Syrian army command says Palmyra victory beginning of the end of ISIS

Syrian government soldiers holding the national flag and posing during an operation in Palmyra, Syria on March 26, 2016.
Syrian government soldiers holding the national flag and posing during an operation in Palmyra, Syria on March 26, 2016. PHOTO: EPA

BEIRUT (REUTERS, AFP) – Syria’s military command said on Sunday (March 27) it had taken full control of the famed ancient city of Palmyra, in a victory it said marked the beginning of the collapse of the Islamic State in Iraq and Syria (ISIS).

In a statement read out on Syrian television, it said that the recapture of Palmyra from ISIS also showed that Syrian government forces and their allies were the only force capable of defeating terrorism in Syria.

It said the army and its allies, backed by Syrian and Russian air forces, would continue their campaign against ISIS, the Nusra Front “and other terrorist groups”.

The Syrian government has described all armed factions fighting President Bashar al-Assad as terrorist groups.


The Syrian Observatory for Human Rights said there were still clashes on the eastern edge of Palmyra, around the prison and inside the airport, but the bulk of the ISIS force had withdrawn and retreated east, leaving Palmyra under Assad’s control.

Syrian state-run television broadcast from inside Palmyra on Sunday morning, showing largely deserted streets and several badly damaged buildings.  It quoted a military source saying Syrian and Russian jets were targeting ISIS fighters as they fled, hitting dozens of vehicles on the roads leading east from the city.

For government forces, the recapture of Palmyra opens up much of Syria’s eastern desert stretching to the Iraqi border to the south and the ISIS heartland of Deir al-Zor and Raqqa to the east.  

It follows a three-week campaign by the army and its allies on the ground, backed by intensive Russian air strikes, aimed at driving Islamic State back.

Russia’s intervention in September turned the tide of Syria’s five-year-old conflict in Assad’s favour. Despite Moscow’s announcement that it was pulling out most military forces two weeks ago, Russian jets and helicopters carried out dozens of strikes daily over Palmyra at the height of the clashes.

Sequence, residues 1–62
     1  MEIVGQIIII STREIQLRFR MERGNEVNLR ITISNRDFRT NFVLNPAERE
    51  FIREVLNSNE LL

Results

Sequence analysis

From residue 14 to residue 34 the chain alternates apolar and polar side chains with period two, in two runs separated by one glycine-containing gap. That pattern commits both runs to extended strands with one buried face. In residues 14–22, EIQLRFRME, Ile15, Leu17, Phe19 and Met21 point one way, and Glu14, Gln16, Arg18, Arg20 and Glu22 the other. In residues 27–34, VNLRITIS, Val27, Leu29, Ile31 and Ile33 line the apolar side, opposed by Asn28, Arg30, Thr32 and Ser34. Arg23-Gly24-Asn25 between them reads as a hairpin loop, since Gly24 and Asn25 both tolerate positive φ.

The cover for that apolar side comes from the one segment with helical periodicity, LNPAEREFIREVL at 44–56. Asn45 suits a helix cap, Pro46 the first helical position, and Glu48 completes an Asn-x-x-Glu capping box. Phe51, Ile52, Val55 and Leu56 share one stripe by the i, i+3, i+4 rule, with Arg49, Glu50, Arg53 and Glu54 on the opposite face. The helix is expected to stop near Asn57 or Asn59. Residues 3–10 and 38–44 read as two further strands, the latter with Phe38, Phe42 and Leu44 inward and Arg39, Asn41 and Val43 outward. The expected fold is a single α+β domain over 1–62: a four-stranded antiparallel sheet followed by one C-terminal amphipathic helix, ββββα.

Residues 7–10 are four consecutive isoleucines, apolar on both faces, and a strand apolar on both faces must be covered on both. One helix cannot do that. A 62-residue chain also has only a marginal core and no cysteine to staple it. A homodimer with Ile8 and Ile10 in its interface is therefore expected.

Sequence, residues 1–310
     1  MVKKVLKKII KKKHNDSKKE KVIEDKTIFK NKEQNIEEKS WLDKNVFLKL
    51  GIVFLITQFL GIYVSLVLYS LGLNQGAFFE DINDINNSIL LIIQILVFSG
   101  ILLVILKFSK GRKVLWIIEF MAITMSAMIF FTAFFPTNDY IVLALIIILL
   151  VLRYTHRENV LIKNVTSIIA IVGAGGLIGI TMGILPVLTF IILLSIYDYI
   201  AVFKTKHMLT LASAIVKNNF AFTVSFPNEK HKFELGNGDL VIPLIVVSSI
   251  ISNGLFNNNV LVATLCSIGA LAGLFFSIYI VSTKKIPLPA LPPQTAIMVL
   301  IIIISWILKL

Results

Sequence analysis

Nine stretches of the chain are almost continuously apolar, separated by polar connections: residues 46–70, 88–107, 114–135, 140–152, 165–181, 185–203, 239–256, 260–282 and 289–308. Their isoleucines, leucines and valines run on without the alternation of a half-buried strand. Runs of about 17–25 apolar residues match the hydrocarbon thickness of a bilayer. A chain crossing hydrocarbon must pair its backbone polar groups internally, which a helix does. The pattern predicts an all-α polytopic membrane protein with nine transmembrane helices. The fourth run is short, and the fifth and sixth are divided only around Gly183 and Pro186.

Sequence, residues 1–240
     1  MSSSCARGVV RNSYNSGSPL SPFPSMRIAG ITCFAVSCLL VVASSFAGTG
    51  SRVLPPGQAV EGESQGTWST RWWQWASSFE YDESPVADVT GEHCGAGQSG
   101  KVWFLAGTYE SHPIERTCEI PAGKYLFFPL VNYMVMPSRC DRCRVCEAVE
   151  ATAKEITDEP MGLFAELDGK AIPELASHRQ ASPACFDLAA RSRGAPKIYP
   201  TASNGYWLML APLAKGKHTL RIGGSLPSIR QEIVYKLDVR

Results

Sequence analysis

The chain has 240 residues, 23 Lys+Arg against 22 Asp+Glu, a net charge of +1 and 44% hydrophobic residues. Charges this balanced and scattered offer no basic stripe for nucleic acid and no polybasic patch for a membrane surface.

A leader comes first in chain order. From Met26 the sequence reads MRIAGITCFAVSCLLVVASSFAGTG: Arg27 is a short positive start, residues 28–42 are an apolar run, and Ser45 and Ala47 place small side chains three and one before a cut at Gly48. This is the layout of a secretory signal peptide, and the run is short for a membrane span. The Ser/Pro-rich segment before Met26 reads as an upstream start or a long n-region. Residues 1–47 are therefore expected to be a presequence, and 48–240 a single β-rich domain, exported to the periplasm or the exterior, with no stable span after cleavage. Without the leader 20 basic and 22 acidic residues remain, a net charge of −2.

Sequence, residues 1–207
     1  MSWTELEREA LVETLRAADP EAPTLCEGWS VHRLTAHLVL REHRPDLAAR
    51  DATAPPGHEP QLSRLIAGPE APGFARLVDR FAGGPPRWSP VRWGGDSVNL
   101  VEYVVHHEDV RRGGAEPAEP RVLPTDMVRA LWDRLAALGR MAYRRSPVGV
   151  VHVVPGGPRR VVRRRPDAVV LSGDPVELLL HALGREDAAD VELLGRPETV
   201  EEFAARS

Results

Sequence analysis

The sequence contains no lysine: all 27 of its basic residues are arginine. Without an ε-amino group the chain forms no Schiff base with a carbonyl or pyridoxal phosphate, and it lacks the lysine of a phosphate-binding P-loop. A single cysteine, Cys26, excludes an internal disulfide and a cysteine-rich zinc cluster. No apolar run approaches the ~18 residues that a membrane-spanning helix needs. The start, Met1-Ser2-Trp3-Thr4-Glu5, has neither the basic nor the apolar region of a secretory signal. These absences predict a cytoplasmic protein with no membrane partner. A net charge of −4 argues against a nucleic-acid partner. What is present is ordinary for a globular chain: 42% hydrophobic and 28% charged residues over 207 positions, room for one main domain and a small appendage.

Observatory director Rami Abdulrahman said 400 ISIS  fighters died in the battle for Palmyra, which he described as the biggest single defeat for the group since it declared a caliphate in areas of Syria and Iraq under its control in 2014.

The loss of Palmyra comes three months after ISIS fighters were driven out of the city of Ramadi in neighbouring Iraq, the first major victory for Iraq’s army since it collapsed in the face of an assault by the militants in June 2014.  

Islamic State has lost ground elsewhere, including the Iraqi city of Tikrit last year and the Syrian town of al-Shadadi in February.

The United States said the fall of Shadadi was part of efforts to cut ISIS’s links between its two main power centres: the cities of Mosul in Iraq and Raqqa in Syria.

The Observatory said around 180 government soldiers and allied fighters were also killed in the campaign to retake Palmyra, which is home to some of the most extensive ruins of the Roman empire. 

ISIS overran the Palmyra ruins and adjacent modern city in May 2015, sparking a global outcry and fears for the Unesco world heritage site known as the "Pearl of the Desert".

The group has since blown up two of the site's treasured classical temples, its triumphal arch and a dozen tower tombs.

It used Palmyra's ancient amphitheatre as a venue for public executions, including the beheading of the city's 82-year-old former antiquities chief.

The oasis city's recapture is a strategic as well as symbolic victory for Assad, since it provides control of the surrounding desert extending all the way to the Iraqi border, analysts say.